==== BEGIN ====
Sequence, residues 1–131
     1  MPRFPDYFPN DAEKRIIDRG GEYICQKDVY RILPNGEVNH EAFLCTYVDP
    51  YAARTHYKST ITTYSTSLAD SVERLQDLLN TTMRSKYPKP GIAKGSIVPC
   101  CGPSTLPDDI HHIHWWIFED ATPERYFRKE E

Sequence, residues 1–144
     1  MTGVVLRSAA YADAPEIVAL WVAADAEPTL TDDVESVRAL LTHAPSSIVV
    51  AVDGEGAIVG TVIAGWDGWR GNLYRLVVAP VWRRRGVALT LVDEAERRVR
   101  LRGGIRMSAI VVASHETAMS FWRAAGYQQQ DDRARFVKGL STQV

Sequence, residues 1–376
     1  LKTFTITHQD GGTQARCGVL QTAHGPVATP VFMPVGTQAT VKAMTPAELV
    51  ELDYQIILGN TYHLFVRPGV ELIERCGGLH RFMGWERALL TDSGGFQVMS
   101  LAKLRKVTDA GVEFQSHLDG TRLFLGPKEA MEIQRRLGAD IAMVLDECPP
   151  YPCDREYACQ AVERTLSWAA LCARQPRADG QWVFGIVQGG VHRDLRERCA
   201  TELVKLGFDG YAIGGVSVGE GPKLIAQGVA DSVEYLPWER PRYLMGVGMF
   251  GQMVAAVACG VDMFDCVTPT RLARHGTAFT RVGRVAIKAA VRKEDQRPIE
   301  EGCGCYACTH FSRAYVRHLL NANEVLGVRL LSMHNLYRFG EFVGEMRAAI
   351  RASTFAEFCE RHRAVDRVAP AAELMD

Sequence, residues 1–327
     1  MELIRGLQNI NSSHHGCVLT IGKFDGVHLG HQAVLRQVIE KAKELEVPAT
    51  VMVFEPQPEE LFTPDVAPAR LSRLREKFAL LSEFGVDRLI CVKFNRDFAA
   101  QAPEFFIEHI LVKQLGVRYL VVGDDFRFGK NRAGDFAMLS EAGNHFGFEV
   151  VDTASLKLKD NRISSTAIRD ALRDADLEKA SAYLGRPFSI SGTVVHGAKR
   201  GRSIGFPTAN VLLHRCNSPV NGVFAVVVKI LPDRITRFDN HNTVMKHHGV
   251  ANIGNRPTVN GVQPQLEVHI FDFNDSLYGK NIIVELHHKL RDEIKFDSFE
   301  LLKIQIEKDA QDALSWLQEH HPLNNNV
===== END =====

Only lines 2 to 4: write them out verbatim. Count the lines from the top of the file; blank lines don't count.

     1  MPRFPDYFPN DAEKRIIDRG GEYICQKDVY RILPNGEVNH EAFLCTYVDP
    51  YAARTHYKST ITTYSTSLAD SVERLQDLLN TTMRSKYPKP GIAKGSIVPC
   101  CGPSTLPDDI HHIHWWIFED ATPERYFRKE E